Why Immigrants With Strong Ties to the US Should Be Allowed to Stay
This article is part of the Moving Forward on Immigration series that explores the future of immigration in the aftermath of the 2020 presidential election.
The Biden administration will soon lead a vibrant nation of immigrants—a nation that includes millions of noncitizens with deep ties to the United States who are at risk of deportation.
This important and diverse population includes immigrants who have lived in the United States for many years, have close family in this country, and make meaningful contributions to their communities, the workforce, and the economy.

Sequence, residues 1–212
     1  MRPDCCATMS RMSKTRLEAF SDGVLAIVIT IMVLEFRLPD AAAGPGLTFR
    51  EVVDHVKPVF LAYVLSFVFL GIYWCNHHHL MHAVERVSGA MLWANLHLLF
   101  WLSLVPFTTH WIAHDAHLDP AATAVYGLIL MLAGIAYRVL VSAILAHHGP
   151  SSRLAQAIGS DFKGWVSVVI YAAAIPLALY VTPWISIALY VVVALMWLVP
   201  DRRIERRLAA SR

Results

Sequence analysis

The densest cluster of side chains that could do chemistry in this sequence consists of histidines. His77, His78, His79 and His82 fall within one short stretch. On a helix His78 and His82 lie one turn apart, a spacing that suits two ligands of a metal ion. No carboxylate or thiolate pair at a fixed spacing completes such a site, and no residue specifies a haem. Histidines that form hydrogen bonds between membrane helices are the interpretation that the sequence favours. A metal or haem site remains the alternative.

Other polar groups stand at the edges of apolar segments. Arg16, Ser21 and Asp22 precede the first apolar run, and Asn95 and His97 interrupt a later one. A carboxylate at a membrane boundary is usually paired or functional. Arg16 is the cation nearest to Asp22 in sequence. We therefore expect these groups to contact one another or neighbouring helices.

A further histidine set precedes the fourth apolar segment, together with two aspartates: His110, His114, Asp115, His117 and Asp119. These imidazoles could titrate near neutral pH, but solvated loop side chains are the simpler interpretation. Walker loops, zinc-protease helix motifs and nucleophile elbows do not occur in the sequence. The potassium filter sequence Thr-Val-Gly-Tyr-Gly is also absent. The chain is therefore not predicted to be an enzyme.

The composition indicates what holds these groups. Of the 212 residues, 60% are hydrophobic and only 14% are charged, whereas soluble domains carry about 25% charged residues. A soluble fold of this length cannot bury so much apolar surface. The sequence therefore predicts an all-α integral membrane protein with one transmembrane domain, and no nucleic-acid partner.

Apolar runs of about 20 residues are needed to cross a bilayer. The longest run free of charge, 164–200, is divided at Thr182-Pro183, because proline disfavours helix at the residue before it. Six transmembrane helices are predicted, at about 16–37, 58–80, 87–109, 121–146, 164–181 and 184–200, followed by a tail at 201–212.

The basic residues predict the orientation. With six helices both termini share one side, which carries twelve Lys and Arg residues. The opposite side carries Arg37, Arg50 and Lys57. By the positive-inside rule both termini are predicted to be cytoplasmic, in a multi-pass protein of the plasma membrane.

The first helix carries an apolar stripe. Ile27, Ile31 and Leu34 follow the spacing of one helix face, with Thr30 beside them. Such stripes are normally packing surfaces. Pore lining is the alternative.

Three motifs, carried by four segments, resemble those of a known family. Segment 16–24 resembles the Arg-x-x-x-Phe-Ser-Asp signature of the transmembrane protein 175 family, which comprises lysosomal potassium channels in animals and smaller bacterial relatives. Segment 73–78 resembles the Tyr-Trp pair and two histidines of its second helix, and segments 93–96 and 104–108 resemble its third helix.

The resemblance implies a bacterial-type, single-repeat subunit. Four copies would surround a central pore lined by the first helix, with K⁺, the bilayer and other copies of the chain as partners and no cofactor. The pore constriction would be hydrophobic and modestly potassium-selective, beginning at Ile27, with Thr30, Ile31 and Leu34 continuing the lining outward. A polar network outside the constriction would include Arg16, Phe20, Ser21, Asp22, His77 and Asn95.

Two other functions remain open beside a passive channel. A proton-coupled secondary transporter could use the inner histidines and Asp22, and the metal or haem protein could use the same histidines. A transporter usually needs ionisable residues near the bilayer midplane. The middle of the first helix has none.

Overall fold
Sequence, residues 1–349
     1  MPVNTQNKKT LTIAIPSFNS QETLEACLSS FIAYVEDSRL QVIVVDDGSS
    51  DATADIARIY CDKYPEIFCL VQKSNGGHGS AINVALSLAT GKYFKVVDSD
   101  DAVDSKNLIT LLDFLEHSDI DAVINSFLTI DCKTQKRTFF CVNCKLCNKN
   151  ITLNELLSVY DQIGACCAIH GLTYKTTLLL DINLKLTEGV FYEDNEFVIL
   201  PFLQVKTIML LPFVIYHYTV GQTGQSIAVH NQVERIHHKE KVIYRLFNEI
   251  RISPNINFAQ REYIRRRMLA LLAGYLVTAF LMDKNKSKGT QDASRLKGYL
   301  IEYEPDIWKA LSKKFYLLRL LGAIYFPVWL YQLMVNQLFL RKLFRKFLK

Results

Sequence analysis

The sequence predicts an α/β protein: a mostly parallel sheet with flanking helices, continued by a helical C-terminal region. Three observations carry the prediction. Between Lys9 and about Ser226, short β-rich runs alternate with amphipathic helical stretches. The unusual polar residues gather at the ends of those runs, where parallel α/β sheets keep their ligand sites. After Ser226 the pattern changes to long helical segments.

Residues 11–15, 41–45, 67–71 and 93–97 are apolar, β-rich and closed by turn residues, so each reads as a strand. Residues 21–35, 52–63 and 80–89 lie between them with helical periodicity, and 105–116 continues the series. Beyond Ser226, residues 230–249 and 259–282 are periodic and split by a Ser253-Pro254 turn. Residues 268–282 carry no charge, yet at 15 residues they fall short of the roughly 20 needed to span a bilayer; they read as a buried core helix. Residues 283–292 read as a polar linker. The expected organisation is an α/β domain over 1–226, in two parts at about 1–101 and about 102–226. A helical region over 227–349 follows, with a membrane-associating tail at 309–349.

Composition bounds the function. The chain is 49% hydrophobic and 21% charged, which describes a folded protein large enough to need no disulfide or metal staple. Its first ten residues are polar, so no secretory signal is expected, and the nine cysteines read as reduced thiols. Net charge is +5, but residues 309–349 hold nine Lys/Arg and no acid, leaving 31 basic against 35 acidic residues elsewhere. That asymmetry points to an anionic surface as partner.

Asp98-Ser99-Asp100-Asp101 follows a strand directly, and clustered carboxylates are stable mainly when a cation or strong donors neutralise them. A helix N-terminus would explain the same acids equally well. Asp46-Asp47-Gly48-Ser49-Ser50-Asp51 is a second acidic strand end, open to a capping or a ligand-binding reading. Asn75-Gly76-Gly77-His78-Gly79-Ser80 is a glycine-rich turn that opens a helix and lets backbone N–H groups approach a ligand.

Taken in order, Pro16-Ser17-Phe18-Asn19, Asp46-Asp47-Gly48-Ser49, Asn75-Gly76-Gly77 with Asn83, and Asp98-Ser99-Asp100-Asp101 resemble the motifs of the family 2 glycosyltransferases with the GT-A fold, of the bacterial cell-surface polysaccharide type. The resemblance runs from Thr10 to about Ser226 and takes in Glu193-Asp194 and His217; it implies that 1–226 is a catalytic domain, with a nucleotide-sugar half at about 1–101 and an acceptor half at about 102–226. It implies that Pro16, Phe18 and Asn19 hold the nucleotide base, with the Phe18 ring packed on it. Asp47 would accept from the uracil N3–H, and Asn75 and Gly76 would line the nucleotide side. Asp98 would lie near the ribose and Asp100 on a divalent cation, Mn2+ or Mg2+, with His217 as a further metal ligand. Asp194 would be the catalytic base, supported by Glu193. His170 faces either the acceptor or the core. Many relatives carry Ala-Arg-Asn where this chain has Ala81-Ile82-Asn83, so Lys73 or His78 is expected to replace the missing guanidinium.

Until we have a legislative solution, the administration must use all available tools to provide stability and protection for long-residing immigrants and their families.
Protect People with Temporary Protected Status
Temporary Protected Status (TPS) is a legal status available to people from certain designated countries suffering from natural disasters, armed conflict, or other extraordinary circumstances. People living in the United States at the time their country is designated for TPS may apply for protection, which includes temporary permission to stay and work authorization.
The Biden administration should issue new designations for those countries that the Trump administration sought to terminate—El Salvador, Haiti, Honduras, Nepal, Nicaragua, and Sudan.
While court orders have delayed the termination of TPS for these countries, TPS holders will be in legal limbo unless the new administration acts.